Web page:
Forty years ago, on April 2nd 1982, Argentina invaded the Falkland Islands.

In Sue Townsend’s book, The Secret Diary of Adrian Mole, the fictional Adrian told his father the news. “He shot out of bed because he thought the Falklands lay off the coast of Scotland,” the teenaged Adrian recounts. “When I pointed out that they were eight thousand miles away he got back into bed and pulled the covers over his head.”

Funny though this was, however, at the time the invasion was no joke. Situated 300 miles off the southern tip of Argentina, the Falkland Islands had been a British colony since 1892 and in British possession since 1833. Although no one had been killed or even injured in the invasion, 1,800 Falkland Islanders, most of them English-speaking sheep farmers, now suddenly found themselves reluctantly placed under Argentine rule.

Argentina had long argued they too had a claim over the Falkland Islands which they called Islas Malvinas. By 1982, the country was ruled by a military junta under the dictator, Lieutenant General Leopoldo Galtieri. It was widely felt Galtieri had launched the invasion as a means to distract attention away from internal problems within Argentina.

In Britain, Prime Minister Margaret Thatcher faced internal problems of her own. Both she and her government elected in 1979 had already become deeply unpopular as a result of the growing economic recession and rapidly rising unemployment. Now Britain faced humiliation comparable to that of the Suez Crisis in 1956. Back then, as Thatcher well remembered, Prime Minister Anthony Eden had resigned. Now her Foreign Secretary Lord Carrington did the same. Many felt the government should have seen the invasion coming. Really Thatcher had no choice other than to resign or to recapture the Islands. She chose the latter option. Her Tory colleague Enoch Powell speaking in the Commons noted that she had been widely nicknamed “the Iron Lady” adding with a pun that both she and the nation would soon “learn of what mettle (metal) she was made.”

A task force comprising 127 ships: 43 Royal Navy vessels, 22 Royal Fleet Auxiliary ships, and 62 merchant ships set sail. In addition to ground forces, the RAF also played a crucial role. Britain received backing from the UN. Although traditionally an ally of Mrs Thatcher, President Ronald Reagan found himself in an awkward position as the US was keen to remain friends with both Britain and Argentina. Publicly, however, the US supported Britain. In 1956, during the Suez Crisis, they had not done.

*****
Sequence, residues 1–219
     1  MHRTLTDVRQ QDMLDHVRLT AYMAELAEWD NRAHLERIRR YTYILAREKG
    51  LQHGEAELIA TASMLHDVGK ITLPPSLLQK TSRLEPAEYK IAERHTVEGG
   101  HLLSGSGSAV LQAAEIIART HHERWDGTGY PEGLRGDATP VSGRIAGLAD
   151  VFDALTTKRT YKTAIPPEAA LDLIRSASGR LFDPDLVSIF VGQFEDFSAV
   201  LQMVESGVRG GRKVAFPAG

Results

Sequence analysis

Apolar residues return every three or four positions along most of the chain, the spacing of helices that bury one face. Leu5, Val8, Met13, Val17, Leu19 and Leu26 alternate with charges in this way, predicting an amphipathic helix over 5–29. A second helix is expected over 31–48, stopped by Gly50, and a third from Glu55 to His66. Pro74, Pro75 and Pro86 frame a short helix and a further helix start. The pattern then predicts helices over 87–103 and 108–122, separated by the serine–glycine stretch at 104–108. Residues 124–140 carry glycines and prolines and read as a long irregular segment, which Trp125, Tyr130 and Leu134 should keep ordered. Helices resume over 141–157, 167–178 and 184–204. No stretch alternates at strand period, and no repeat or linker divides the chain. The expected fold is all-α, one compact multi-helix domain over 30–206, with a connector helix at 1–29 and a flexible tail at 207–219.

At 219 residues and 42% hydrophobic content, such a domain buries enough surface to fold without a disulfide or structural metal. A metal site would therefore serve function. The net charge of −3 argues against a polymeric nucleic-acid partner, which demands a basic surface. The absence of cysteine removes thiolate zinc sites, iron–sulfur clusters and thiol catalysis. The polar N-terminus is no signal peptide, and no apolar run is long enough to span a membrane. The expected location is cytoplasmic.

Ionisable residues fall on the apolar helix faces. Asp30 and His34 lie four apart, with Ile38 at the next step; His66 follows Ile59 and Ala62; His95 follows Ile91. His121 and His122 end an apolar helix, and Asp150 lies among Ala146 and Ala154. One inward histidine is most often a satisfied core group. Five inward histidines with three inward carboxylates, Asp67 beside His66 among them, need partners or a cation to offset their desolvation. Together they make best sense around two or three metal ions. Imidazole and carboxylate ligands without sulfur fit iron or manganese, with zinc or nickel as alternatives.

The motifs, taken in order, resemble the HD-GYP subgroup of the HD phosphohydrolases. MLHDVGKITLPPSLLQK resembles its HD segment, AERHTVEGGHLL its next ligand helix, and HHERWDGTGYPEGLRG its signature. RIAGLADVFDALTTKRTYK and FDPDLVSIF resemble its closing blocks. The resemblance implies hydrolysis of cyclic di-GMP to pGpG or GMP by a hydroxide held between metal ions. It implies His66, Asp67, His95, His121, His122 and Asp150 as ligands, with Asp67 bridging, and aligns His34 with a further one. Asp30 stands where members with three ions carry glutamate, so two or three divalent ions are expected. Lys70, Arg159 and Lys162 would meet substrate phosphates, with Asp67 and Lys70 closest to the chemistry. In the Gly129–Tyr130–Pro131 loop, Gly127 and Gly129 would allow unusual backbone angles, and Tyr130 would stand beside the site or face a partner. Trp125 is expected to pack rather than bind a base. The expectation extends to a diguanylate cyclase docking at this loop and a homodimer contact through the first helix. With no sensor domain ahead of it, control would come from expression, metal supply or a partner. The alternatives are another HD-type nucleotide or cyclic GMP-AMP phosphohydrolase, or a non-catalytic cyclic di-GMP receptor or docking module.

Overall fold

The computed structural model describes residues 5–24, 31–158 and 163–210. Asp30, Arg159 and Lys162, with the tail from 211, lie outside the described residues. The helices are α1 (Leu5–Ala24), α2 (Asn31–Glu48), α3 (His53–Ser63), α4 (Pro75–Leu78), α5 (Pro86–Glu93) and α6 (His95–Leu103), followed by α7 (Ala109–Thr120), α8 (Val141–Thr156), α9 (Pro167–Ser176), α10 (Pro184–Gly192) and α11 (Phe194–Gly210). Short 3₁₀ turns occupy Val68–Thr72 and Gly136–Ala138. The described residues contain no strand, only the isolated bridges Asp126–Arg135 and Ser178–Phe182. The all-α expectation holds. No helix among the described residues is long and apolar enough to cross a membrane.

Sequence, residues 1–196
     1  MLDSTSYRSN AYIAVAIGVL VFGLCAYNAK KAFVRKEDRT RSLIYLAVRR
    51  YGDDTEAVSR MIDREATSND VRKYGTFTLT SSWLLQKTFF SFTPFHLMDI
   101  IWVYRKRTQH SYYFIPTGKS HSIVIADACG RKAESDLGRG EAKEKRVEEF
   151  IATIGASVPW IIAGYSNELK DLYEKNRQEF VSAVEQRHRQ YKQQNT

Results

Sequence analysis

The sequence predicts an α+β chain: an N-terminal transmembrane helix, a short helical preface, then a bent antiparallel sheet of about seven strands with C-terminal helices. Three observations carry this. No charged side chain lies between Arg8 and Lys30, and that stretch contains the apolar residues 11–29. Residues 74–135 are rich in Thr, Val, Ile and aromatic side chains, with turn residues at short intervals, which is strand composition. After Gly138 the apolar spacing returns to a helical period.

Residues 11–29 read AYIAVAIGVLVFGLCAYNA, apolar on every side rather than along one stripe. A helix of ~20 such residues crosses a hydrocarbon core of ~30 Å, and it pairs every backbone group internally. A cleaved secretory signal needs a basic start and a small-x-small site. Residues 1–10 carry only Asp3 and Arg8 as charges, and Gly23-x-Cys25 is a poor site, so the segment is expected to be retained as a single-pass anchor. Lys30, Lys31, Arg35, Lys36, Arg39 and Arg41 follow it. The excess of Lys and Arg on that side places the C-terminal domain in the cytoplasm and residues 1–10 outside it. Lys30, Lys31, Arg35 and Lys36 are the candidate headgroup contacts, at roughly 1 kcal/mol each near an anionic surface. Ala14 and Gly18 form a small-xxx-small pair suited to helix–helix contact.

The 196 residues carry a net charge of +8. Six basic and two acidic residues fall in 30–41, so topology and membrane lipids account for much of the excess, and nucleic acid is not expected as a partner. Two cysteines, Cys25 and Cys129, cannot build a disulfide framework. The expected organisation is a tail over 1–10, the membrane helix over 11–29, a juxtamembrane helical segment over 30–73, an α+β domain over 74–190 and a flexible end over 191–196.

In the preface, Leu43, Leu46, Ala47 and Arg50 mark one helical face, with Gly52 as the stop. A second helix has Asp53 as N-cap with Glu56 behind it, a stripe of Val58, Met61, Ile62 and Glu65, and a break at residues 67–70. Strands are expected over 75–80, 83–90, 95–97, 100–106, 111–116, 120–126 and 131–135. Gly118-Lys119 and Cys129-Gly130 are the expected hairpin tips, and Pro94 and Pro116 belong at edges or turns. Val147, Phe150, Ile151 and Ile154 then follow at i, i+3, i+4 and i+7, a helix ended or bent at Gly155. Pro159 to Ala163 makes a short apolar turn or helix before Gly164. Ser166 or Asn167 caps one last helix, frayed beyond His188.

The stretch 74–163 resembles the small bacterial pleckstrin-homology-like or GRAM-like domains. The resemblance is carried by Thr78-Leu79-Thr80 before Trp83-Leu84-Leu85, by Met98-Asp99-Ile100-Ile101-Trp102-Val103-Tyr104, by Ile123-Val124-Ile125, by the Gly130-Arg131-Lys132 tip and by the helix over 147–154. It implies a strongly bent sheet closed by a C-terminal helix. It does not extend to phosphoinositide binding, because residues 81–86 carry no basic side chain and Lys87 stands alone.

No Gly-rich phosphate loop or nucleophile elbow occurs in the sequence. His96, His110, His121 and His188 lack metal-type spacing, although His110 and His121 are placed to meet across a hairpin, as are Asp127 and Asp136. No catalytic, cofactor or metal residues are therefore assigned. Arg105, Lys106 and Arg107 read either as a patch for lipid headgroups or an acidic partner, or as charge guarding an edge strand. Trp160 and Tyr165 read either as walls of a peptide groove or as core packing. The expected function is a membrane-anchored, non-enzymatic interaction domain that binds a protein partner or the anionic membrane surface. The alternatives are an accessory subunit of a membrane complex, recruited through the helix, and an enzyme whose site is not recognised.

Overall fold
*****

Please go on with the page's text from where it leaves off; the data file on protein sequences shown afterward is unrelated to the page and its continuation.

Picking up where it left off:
War was never officially declared but the conflict lasted 73 days from April 2nd until June 14th. It was a war fought on land, sea and air. Crucial moments included the early recapture of South Georgia in April, the Battle of Goose Green towards the end of May and the disastrous sinking of HMS Sheffield on May 4th. Another low point was the bombing of RFA Galahad in early June during which Welsh guardsman, Simon Weston was badly injured.

The sinking of the Argentine ARA General Belgrano on May 1st remains controversial. 368 members of the crew were killed and Thatcher faced questions as to why the order had been given to sink the ship when it had been sailing outside the official exclusion zone. The Sun newspaper also drew heavy criticism for their notorious “Gotcha!” headline about the sinking and about the jingoistic nature of much of their coverage of the war.

In the end, however, Argentina was defeated and Britain was victorious. 225 Britons were killed in the conflict. Argentine casualties were higher. It is a sad fact, however, that more British Falkland War veterans have committed suicide since the war ended than were killed in the conflict itself.

In Britain, Margaret Thatcher received a massive boost from the conflict ensuring the Conservatives a landslide election victory in 1983 and giving her leadership a momentum that would keep her in power for the rest of the decade. Meanwhile, in Argentina, Lieutenant General Galtieri was overthrown. The Union Jack continues to fly over the Falkland Islands to this day